Common presenting symptoms include nausea, confusion, tremor, sweating, palpitations, or hunger. Patients may present with a nonspecific clinical history.
Documentation of a blood glucose <60 mg/dL with accompanying symptoms is crucial to diagnosing clinically significant hypoglycemia.
Important causes to consider are iatrogenic or factitious hypoglycemia secondary to insulin or sulfonylurea use. Another common cause may be physiological reactive hypoglycemia. However, the most worrisome causes are insulinoma and tumor-related hypoglycemia.
Preferred treatment for an insulinoma is surgical excision.
Hypoglycemia is a clinical syndrome present when the blood glucose concentration falls below the normal fasting glucose range, generally <60 mg/dL. When glucose values drop below the normal fasting range, glucose meters are not accurate and laboratory serum or plasma testing is useful to confirm the actual blood sugar value. Whipple triad should be present in cases of true hypoglycemia: hypoglycemic symptoms, accompanying low blood glucose concentration, and resolution of symptoms after raising the blood glucose concentration to normal.
This topic covers non-diabetic hypoglycemia in adults.
History and exam
- middle age
- female sex
- ethanol consumption
- bariatric surgery
- liver failure
- renal failure
- intense exercise
- adrenal insufficiency
- growth hormone deficiency
- glycogen storage diseases
- anorexia nervosa
- exogenous insulin
- ackee fruit ingestion
- haloperidol exposure
- quinine exposure
- fluoroquinolone exposure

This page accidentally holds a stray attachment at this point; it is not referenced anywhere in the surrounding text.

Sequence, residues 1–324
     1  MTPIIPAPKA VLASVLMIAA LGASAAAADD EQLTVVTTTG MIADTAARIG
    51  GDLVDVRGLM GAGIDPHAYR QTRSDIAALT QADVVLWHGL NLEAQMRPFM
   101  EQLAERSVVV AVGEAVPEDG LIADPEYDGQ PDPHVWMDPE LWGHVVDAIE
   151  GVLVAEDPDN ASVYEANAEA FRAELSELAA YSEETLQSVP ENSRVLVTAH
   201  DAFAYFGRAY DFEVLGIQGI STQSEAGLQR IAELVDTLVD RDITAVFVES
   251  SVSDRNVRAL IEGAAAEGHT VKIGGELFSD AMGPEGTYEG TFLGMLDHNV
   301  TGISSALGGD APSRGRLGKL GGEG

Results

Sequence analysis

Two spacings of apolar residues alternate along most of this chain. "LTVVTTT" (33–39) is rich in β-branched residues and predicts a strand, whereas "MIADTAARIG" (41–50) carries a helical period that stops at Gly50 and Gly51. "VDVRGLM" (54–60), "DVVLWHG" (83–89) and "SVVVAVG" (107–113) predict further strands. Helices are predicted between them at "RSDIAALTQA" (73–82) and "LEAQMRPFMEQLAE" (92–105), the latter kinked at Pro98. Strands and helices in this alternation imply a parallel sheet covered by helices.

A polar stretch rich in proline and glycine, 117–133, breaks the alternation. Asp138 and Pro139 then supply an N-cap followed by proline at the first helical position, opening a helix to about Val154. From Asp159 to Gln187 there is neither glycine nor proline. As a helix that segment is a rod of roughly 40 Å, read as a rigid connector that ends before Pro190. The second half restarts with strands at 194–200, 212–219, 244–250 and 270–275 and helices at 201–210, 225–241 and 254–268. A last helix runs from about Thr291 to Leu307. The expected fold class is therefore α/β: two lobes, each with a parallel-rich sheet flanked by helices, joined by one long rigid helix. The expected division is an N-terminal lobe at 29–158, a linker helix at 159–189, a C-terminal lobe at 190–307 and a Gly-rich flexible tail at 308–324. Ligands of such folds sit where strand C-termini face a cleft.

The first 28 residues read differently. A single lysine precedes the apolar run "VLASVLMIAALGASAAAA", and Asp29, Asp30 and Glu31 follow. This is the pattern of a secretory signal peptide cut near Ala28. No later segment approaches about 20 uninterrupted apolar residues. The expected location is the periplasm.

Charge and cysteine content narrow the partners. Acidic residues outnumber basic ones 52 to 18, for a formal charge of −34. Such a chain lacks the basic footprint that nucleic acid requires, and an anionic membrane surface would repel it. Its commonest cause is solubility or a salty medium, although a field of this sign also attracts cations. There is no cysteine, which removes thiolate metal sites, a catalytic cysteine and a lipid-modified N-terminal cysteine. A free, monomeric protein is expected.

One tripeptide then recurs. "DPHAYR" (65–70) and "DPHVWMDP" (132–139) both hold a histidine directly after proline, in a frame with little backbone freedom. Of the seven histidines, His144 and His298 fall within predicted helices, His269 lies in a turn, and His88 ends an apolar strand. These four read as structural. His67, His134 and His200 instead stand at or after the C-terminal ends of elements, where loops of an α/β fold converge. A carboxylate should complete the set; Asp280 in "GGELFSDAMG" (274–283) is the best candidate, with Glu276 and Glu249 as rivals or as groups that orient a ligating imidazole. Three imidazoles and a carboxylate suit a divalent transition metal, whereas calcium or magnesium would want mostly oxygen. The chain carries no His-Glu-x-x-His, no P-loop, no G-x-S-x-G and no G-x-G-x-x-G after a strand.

- sulfonylurea exposure
- disopyramide exposure
- beta-adrenergic-blocking agent exposure
- salicylate exposure
- tramadol exposure
- proton pump inhibitor exposure
- 48 to 72 hour fast under observation
- oral glucose tolerance test
- serum insulin-like growth factor (IGF)-II
- serum adrenocorticotropic hormone
- serum human growth factor (HGH)
- insulin suppression test
- serum proinsulin
- CT scan abdomen and pelvis with and without intravenous contrast
- transabdominal ultrasound
- endoscopic ultrasound
- nuclear imaging with octreotide scan
Professor of Medicine
University of Iowa
Des Moines Internal Medicine Residency Training Program
Veterans Affairs Medical Center
UK is an author of a number of references cited in this topic.
Professor Udaya Kabadi would like to gratefully acknowledge Dr Steven Kunkel, a previous contributor to this topic.
Renal and Hypertension
Professor of Medicine
Division of Nephrology
Department of Medicine
Loyola University School of Medicine and Edward Hines Jr VA Medical Center
DJL declares that he has no competing interests.
Johns Hopkins University School of Medicine
SB declares that he has no competing interests.
Clinical Director/Clinical Lead for Diabetic Medicine
King’s College Hospital NHS Foundation Trust
DH declares that he has no competing interests.
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